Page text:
Water is the key to the Solar System. In space, water provides benefits beyond its critical role in hydration. It can protect from solar radiation, be used as propellant, provide a source of oxygen, and sustain food supplies. To date, all water and water-derived resources necessary for spaceflight have been brought from the surface of the Earth at exorbitant expense. Of all constraints to the expansion of humanity off the Earth, this is the most limiting. What is needed for real, sustained growth is a plentiful supply of water already in space, available at the required point of use. Unchained from the Earth as our single source, humanity could use this in-space resource to further expand beyond Earth orbit and into the Solar System. Fortunately, a plentiful source of in-space water has already been found and is waiting to be claimed – the near-Earth asteroids.
Water: Unlocking the Solar System
Water from asteroids can be both converted to and used directly as propellant, then shipped and stored at strategic locations set up as fuel depots. This fuel – supplied and sold to NASA or other in-space customers – will dramatically accelerate the pace of human spaceflight.
Asteroid water can sharply reduce the cost of human spaceflight missions because the mass of most deep space missions is primarily comprised of propellant. For example, it is more energetically efficient to carry a liter of water or propellant from a near-Earth asteroid to an Earth orbit destination than it would be to carry that same liter of water from the Earth’s surface.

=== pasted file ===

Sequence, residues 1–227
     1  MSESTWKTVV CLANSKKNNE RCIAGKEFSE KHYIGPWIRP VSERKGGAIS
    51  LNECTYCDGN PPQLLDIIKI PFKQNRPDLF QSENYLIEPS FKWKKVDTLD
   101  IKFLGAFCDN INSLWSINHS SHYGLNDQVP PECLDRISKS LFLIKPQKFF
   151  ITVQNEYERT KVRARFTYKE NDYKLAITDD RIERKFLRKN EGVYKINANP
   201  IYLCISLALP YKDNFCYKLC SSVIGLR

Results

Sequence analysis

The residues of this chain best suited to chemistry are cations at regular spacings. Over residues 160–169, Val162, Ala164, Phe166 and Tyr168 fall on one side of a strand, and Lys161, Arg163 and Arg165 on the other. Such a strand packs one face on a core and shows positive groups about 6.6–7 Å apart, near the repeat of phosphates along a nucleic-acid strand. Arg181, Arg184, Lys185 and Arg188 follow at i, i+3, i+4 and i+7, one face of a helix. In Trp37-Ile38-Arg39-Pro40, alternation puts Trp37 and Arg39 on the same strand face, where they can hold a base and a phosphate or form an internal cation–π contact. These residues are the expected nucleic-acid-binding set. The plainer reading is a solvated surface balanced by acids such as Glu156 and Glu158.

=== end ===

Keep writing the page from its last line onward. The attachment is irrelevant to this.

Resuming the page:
In Earth orbit, water from asteroids can also be converted and used to refuel satellites, increase the payload capacity of rockets by refueling their upper stages, reboost space stations, supply propellant needed to boost satellites from Low Earth Orbit to Geostationary Orbit, provide radiation shielding for spaceships, and provide fuel to space tugs that could clean up space debris.
A 500 meter diameter water rich asteroid has $50B (billion) worth of water deliverable to a deep space fuel depot, even if one makes the conservative assumptions that: 1) only 1% of the water is extracted; 2) half of each load of water is consumed en route for propulsion; and 3) the success of commercial spaceflight causes the cost of Earth-originating launches to drop by a factor of 100. Of course, less conservative assumptions would raise the value of the asteroid to many trillions, or even tens of trillions, of dollars.
The economics of an asteroid mining operation can also be enhanced by the use of in-situ propellant. Mining spacecraft can travel across interplanetary space using water reclaimed from the very asteroid it is mining, leading to a high “mass payback ratio” where a single ton of mining equipment can be used to obtain hundreds of tons of mined resources.
Moving from Water to Metals
Once water mining operations are successful, the economics of space travel will have changed such that the reclamation of other asteroid resources becomes more feasible. In a very real sense, mining water ultimately enables the mining of metals.
Platinum group metals are extremely rare on Earth and these metals, and others like them, have special chemical properties that make them incredibly valuable for important industrial processes in the 21st century economy. An increase in abundance of rare metal resources could also enable new, unforeseen applications that exploit the properties of rare metals beyond the current state of practice.
Using Asteroid Metals in Space
In addition to being brought back to Earth, metals from asteroids can also be used directly in space. Metals like iron or aluminum can be moved to collection points in space for purposes such as space construction materials, spacecraft shielding, and raw material for industrial processes at, for example, a future NASA deep space L2 space station.